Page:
Sally C. Fink
Sally C. Fink began drawing and making up stories to go with those drawings when she could first pick up a pencil. Many sketches, many stories and many years later, she wrote her first novel in 1988.
Best known as a costumer, she began costuming in 1973 when she entered a “Futuristic Fashion Design” contest sponsored by the convention Equicon. Nearly 40 years later, she is a many-times-over Master costumer in the International Costumers Guild, a Laurel and a Pelican in the Society for Creative Anachronism and is still making costumes. Known for her large, elaborate headpieces and love of purple and glitz both fannishly and in the SCA, she has had over a dozen one-woman costume and art-to-wear shows at local venues in western Pennsylvania. From 2004 to 2011, one of her fantasy costumes, “The Iron Orchid,” was on exhibition in the Science Fiction Museum and Hall of Fame in Seattle, WA.
Sally was born in Somerset, PA, in 1951. She went to college, hated it, and dropped out after one semester. She then went to the Art Institute of Pittsburgh, loved it, and graduated at the top of her class in 1972. She has worked as a department store fashion illustrator, manager of a fabric store, and copywriter/layout artist for a newspaper where she was eventually promoted to art director.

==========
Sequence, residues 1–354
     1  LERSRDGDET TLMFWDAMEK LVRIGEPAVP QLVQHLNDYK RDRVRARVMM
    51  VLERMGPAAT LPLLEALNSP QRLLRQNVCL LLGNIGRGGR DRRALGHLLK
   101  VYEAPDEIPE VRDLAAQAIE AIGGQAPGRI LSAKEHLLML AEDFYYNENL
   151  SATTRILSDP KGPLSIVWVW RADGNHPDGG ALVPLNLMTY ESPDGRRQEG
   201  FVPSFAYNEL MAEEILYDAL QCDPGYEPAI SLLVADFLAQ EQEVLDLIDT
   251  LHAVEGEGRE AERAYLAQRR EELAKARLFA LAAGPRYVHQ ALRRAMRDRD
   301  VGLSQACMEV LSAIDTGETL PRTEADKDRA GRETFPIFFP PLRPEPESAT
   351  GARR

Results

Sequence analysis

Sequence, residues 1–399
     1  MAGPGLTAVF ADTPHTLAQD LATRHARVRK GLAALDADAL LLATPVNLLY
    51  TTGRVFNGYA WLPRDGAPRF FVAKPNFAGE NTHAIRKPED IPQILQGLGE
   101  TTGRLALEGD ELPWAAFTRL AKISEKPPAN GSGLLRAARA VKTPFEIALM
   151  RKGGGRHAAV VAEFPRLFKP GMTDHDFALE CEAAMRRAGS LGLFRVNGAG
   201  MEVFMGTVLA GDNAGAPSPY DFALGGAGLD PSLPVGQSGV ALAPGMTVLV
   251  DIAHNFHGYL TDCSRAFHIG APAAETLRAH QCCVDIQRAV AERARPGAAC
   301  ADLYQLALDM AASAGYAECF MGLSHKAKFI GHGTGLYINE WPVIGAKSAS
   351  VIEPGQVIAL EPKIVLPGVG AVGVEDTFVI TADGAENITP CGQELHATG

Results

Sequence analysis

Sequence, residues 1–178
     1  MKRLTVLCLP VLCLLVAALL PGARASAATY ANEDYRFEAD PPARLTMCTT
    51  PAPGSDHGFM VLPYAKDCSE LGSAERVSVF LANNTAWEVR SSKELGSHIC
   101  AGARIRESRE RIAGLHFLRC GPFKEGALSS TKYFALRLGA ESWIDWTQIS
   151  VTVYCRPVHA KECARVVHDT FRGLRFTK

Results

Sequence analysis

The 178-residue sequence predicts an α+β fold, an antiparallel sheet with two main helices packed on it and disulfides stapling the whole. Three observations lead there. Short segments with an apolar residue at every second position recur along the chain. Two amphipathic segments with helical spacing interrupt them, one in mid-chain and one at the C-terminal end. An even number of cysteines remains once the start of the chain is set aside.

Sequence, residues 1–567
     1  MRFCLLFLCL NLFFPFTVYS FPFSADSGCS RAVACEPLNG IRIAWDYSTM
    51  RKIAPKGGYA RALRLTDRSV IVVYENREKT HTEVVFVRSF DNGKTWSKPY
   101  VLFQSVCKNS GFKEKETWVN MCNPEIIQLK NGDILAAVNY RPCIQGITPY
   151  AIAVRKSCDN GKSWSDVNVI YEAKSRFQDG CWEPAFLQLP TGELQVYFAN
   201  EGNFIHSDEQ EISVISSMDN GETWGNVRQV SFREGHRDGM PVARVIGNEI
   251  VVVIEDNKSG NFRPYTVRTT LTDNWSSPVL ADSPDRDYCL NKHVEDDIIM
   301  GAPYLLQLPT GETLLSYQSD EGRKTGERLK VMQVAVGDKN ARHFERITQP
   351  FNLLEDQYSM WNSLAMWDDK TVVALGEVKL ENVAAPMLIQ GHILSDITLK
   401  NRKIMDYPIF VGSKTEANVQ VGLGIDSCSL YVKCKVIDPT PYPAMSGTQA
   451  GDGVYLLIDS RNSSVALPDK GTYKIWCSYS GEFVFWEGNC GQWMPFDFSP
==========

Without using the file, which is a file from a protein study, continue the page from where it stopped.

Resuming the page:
These days she is either at the sewing machine or the computer. After many years making historical clothing, she has recently returned to science fiction/fantasy conventions and competition costuming. Costumes and clothing also figure prominently in her novels. And of course, her two purring, four-footed housemates contribute their own special input to all her creative endeavors.
Where to find Sally C. Fink online
Ten Thousand Gods
by Sally C. Fink
Price: $2.99 USD. 114310 words.
Published on September 26, 2012. Fiction.
“I am Lalloure, to ask and to serve.” The Lalloure Rasong serves the family for a day, but inadvertently awakens the abilities of six-year-old Vilian. Twelve years later she leaves her family to find Rasong. And discovers not a society of childish, gentle neuters, but a race whose intrinsic needs are sexual, and whose passions of love and hate are both irresistible and lethal.
Sally C. Fink’s tag cloud